exclusive or

operator. For example, the sum of the polynomi-als

F

IGURE

14

–

1.

Exclusive or

tree.

b

0

b

1

b

2

b

3

b

4

b

5

b

6

b

7

+++++++

Parity bit (even)

2

32

5.

–

x

3

x

1 and++

x

4

x

3

x

2

x

+++

14

–

1CYCLIC REDUNDANCY CHECK

3

is as is their difference. These polynomials are not usually writtenwith minus signs, but they could be, because a coefficient of

–

1 is equivalent to acoefficient of 1.Multiplication of such polynomials is straightforward. The product of onecoefficient by another is the same as their combination by the logical

and

opera-tor, and the partial products are summed using

exclusive or

. Multiplication is notneeded to compute the CRC checksum.Division of polynomials over GF(2) can be done in much the same way aslong division of polynomials over the integers. Below is an example.The reader might like to verify that the quotient of multiplied by thedivisor of plus the remainder of equals the dividend.The CRC method treats the message as a polynomial in GF(2). For example,the message 11001001, where the order of transmission is from left to right(110

…

) is treated as a representation of the polynomial Thesender and receiver agree on a certain fixed polynomial called the

generator

poly-nomial. For example, for a 16-bit CRC the CCITT (Comit

é

Consultatif Interna-tionale T

é

l

é

graphique et T

é

l

é

phonique)

1

has chosen the polynomialwhich is now widely used for a 16-bit CRC checksum. Tocompute an

r

-bit CRC checksum, the generator polynomial must be of degree

r

.The sender appends

r

0-bits to the

m

-bit message and divides the resulting poly-nomial of degree by the generator polynomial. This produces a remain-der polynomial of degree (or less). The remainder polynomial has

r

coefficients, which are the checksum. The quotient polynomial is discarded. Thedata transmitted (the code vector) is the original

m

-bit message followed by the

r

-bit checksum.There are two ways for the receiver to assess the correctness of the transmis-sion. It can compute the checksum from the first

m

bits of the received data, andverify that it agrees with the last

r

received bits. Alternatively, and following usualpractice, the receiver can divide all the received bits by the generator poly-nomial and check that the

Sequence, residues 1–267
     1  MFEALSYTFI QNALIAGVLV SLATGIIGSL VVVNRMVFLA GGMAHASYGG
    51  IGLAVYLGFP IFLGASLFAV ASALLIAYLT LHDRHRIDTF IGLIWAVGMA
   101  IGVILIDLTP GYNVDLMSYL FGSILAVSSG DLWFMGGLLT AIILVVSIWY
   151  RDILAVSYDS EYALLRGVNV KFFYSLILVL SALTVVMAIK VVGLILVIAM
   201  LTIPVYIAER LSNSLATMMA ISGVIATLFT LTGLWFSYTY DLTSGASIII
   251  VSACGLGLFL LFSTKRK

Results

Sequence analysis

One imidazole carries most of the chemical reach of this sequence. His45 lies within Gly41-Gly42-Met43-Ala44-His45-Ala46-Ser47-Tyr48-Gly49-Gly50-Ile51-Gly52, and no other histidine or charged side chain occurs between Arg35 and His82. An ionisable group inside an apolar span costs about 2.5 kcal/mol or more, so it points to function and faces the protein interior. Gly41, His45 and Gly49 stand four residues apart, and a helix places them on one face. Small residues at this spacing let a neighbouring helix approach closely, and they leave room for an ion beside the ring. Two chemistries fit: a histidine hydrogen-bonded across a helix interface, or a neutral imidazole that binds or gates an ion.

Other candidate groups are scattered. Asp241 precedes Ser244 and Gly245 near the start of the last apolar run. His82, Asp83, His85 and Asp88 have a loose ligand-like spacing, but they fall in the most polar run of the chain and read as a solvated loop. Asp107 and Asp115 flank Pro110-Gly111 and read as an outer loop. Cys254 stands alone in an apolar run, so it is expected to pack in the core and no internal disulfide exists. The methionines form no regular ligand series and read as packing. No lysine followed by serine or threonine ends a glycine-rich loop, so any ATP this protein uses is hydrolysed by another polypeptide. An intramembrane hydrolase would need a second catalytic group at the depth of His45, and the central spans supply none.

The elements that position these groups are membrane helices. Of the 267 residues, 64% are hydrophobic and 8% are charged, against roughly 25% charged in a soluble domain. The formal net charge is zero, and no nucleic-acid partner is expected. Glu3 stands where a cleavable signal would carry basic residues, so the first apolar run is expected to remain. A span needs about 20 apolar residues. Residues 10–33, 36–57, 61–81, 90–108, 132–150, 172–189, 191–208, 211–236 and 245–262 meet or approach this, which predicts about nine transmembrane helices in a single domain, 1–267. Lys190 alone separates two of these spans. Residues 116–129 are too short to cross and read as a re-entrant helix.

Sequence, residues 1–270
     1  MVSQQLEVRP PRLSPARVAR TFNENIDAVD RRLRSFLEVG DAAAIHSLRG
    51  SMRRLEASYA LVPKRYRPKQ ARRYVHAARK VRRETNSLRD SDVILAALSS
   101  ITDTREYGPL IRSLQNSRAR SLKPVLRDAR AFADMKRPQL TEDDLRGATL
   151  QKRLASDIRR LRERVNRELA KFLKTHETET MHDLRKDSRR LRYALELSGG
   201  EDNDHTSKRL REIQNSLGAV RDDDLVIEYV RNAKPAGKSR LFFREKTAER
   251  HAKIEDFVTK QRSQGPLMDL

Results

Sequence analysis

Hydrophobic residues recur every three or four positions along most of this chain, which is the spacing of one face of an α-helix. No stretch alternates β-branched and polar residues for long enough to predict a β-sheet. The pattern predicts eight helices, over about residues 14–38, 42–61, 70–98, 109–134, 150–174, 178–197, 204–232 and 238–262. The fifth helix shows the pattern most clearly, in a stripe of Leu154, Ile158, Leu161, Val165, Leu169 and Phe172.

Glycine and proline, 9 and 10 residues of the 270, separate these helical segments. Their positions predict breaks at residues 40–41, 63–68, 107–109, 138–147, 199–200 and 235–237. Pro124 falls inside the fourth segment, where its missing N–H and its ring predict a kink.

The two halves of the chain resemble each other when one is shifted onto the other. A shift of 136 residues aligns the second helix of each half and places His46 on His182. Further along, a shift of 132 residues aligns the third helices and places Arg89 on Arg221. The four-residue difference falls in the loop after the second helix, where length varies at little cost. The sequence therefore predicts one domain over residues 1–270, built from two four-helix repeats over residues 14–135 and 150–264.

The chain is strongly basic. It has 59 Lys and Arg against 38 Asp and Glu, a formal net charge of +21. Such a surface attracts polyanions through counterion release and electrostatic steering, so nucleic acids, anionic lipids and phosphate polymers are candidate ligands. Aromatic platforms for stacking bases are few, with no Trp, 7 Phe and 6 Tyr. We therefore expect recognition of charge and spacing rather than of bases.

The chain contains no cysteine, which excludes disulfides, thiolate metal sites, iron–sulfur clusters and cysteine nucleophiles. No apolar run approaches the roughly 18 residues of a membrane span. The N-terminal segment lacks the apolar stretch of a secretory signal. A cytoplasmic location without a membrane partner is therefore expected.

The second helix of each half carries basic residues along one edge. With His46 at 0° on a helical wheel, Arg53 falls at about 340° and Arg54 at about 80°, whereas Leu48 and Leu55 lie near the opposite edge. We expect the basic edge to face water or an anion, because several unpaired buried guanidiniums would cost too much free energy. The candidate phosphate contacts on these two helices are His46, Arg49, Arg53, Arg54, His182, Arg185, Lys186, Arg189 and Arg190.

r

-bit remainder is 0. To see that the remainder must be0, let

M

be the polynomial representation of the message, and let

R

be the polyno-mial representation of the remainder that was computed by the sender. Then thetransmitted data corresponds to the polynomial (or, equivalently,

1.Since renamed the ITU-TSS (Int

ernational Telecommunications Union - Telecom-munications Standards Sector).

x

4

x

2

1,++

x

3

+

x

+1

)

x

7

+

x

6

+

x

5

+

x

2

+

xx

4

+ x

3

+ 1

x

7

+

x

5

+

x

4

x

6

+

x

4

x

6

+

x

4

+

x

3

x

3

+

x

2

+

x x

3

+

x

+ 1

x

2

+ 1

x

4

x

3

1++

x

3

x

1,++

x

2

1,+

x

7

x

6

x

3

1.+++

x

16

x

12

x

5

1,+++

m r

1

–

+

r

1

–

m r

+

Mx

r

R

–

You've already reviewed this. Edit your review.

1 hundred reads

1 thousand reads

Sunit Prasad liked this

sukhdeepmankoo liked this

sukhdeepmankoo liked this

vishnu_dexter2935 liked this

gbrmmt1134 liked this

gbrmmt1134 liked this

- Read and print without ads
- Download to keep your version
- Edit, email or read offline

© Copyright 2015 Scribd Inc.

Language

Choose the language in which you want to experience Scribd:

Sign in with Facebook

Sorry, we are unable to log you in via Facebook at this time. Please try again later.

or

Password Reset Email Sent

Join with Facebook

Sorry, we are unable to log you in via Facebook at this time. Please try again later.

or

By joining, you agree to our

read free for two weeks

Unlimited access to more than

one million books

one million books

Personalized recommendations

based on books you love

based on books you love

Syncing across all your devices

Join with Facebook

or Join with emailSorry, we are unable to log you in via Facebook at this time. Please try again later.

Already a member? Sign in.

By joining, you agree to our

to download

Unlimited access to more than

one million books

one million books

Personalized recommendations

based on books you love

based on books you love

Syncing across all your devices

Continue with Facebook

Sign inJoin with emailSorry, we are unable to log you in via Facebook at this time. Please try again later.

By joining, you agree to our

Are you sure?

This action might not be possible to undo. Are you sure you want to continue?

CANCEL

OK

You've been reading!

NO, THANKS

OK

scribd